According to a friend of Ms. Bennett, a former Cuomo administration employee, the executive appeared to have talked to her within hours of the June 5 incident. He checked the outlines of her narrative, and said that she had made it clear to him that she thought the governor had romantic feelings for her.
Bennett questioned her parents of the experience soon afterwards, as her mother remembered, adding that Bennett had taken a special trip home to tell them about it. “Clearly, she was upset,” said Ms. Bennett's mum.
Ms. Bennett reported that she talked to Ms. DesRosiers, Mr. Cuomo's chief of staff, on June 10, five days after the incident.
DesRosiers told us the conference had lasted ten minutes in her office. Ms. Bennett reported that she had talked with Mr. Cuomo, in which she recounted her conversation with Ms. DesRosiers, and said that Ms. DesRosiers had apologised and requested to talk to her again two days later.
After the conference, Ms. Bennett said that Ms. DesRosiers had said, “How do we do this?”, and was inquiring about whether she wished to stay in the executive branch or take a new role in the state government.
When Ms. Bennett's friend asked what it meant, Ms. Bennett clarified that she would have an outside job, but not in the administration.
Additionally, she told her friend in the same set of texts that she trusted Ms. DesRosiers, but was worried about Mr. Cuomo's reaction.
Ms. DesRosiers told Ms. Bennett two days later that she would be transferred to a new role as a health care advisor, but this time in a separate section of the Capitol. The details about her current position was made public in an email sent on June 17 to Department of Health officials. “Welcome, Charlotte!”
Ms. Bennett addressed her accusations again with the governor's special counsel, Ms. Mogul, later that month. She also clarified that she immediately wanted to “let this go and carry on.”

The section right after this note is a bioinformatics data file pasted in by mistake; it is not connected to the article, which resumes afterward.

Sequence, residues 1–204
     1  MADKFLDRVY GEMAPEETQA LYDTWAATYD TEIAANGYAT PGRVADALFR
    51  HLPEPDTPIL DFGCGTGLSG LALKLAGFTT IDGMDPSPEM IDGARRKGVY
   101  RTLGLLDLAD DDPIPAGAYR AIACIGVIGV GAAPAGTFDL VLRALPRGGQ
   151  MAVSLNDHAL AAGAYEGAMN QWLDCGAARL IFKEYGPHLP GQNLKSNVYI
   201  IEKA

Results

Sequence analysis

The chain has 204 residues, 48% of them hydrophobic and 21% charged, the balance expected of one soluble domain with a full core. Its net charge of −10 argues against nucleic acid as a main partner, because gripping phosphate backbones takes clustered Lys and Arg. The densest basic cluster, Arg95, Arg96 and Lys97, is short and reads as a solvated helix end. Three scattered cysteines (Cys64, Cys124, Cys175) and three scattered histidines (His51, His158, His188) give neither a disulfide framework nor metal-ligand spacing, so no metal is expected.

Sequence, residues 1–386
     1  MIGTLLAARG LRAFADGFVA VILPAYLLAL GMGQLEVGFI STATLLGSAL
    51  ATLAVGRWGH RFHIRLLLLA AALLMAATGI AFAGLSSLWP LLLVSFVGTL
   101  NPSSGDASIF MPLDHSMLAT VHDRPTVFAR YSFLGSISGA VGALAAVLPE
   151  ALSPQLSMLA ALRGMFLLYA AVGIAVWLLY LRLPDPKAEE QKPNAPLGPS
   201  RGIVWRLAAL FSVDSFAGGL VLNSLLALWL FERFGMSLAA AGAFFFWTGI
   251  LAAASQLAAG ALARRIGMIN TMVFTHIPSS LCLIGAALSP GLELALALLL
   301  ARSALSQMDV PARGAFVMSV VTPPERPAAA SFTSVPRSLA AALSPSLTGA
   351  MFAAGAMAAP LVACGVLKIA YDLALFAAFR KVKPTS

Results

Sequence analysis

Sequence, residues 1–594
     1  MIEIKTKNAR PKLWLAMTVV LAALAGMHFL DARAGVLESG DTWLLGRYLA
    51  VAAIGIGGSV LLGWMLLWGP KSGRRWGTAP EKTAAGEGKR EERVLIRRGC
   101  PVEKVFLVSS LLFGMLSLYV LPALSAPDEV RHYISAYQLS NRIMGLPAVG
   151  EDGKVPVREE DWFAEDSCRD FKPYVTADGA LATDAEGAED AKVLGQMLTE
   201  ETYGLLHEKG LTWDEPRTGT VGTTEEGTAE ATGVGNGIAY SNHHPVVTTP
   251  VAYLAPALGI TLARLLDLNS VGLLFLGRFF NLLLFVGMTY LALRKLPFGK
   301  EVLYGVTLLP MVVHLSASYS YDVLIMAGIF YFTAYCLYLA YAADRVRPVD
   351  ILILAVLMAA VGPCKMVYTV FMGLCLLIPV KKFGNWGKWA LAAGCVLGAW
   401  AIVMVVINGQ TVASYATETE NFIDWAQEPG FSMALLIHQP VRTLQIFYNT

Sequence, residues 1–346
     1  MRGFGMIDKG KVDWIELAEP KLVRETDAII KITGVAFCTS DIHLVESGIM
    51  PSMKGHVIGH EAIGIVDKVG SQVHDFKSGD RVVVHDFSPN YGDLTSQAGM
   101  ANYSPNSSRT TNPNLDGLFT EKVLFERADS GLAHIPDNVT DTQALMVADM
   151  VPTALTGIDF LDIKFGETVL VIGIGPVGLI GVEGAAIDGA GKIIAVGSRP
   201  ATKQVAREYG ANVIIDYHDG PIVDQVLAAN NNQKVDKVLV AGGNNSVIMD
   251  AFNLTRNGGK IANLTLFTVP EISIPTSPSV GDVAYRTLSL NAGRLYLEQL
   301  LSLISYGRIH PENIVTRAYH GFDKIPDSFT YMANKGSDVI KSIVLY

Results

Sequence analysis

The other special counsel to the governor, Beth Garvey, released a statement on Saturday stating that “Ms. Bennett's questions were handled with consideration and reverence and in compliance with relevant law and policy.” She described the transition to a health care policy position as “a longstanding interest” for Ms. Bennett.
Ms. Garvey said that Ms. Bennett was briefed about the agreement, and said that she was pleased and appreciative of the manner in which it was treated. As previously reported, Barbara S. Jones, a retired federal judge in Manhattan, will head the investigation of the matter, Ms. Garvey stated.
Ms. Bennett recently departed from her role in the state government and now she lives and works in a nearby state. She said that her frustration at what had transpired had started to boil up and was the main cause for her departure.
He was patriarchal, she said. I had been hoping that I would get back in shape and have some distance, but that is extremely naive.
She went on to say that she had devoted herself to her role in the administration, even after having served with Mr. Cuomo, and had wanted to "not make him ruin this for me."
However, she added, “I found that's not how that works.”